THE STATE OF THE ECONOMY AND THE STATE

THE STATE OF THE ECONOMY AND THE STATE

THE STATE OF THE ECONOMY AND THE STATE OF THE ECONOMY AND FUTURE WORKFORCE CONSIDERATIONS Retooling Our Students FUTURE WORKFORCE CONSIDERATIONS 27th Annual Information Technology (IT) Conference for the Future March 3, 2011 Dennis K. Winters Chief, Office of Economic Advisors Wisconsin Department of Workforce Development March 3, 2011 THE STATE OF THE ECONOMY AND FUTURE WORKFORCE CONSIDERATIONS Retooling Our Students for the Future March 3, 2011 HOW BAD WAS IT? HOW BAD WAS IT?

THINGS THAT NEVER HAPPENED BEFORE THE STATE OF THE ECONOMY AND FUTURE WORKFORCE CONSIDERATIONS Four negative U.S. GDP quarters in a row Global GDP declined The U.S. and Japan were in recession at same time Personal consumption expenditures were down 3 out of four quarters, with the one registering just +0.1% Retooling Our Students for the Future March 3, 2011 Longest downturn since Great Depression Twice as long as post-war average recession 3 INDUSTRIAL ACTIVITY PLUNGED U.S. AND ESPECIALLY THE MIDWEST THE STATE OF THE ECONOMY AND FUTURE WORKFORCE CONSIDERATIONS Manufactuing Production Indexes 130 120 110 100 Midwest U.S. 90 80 70 Retooling Our Students 60 for the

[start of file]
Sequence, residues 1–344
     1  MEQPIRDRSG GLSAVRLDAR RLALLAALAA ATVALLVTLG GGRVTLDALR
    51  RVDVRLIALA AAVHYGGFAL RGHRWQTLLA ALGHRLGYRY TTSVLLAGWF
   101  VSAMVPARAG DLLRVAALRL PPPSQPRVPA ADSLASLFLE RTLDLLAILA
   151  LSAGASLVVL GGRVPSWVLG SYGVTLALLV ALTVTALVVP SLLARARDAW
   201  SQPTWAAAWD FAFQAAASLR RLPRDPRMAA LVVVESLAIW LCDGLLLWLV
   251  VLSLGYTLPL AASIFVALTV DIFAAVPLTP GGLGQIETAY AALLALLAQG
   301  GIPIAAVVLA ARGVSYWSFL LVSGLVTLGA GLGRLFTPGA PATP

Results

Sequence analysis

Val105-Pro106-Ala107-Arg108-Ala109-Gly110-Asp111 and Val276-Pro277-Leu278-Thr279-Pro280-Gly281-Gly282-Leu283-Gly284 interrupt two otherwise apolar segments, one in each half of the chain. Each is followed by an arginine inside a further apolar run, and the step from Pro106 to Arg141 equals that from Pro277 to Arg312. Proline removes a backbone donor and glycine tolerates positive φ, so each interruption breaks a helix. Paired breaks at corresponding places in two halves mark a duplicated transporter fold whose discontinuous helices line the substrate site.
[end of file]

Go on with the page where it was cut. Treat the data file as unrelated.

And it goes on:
50 Future 40 30 Jan-73 March 3, 2011 Jan-82 Source: Chicago Fed, OEA Jan-91 Jan-00 Jan-09 4 EMPLOYMENT DROPPED PRECIPITIOUSLY JOB LOSSES WORSE THAN 1981 RECESSION THE STATE OF THE ECONOMY AND FUTURE WORKFORCE CONSIDERATIONS for the 6.0% 4.0% Growth over 12 Months Retooling Our Students Total NonFarm Y/Y Job Growth (unadjusted) 2.0% 0.0% Wisconsin -2.0% U.S. -4.0%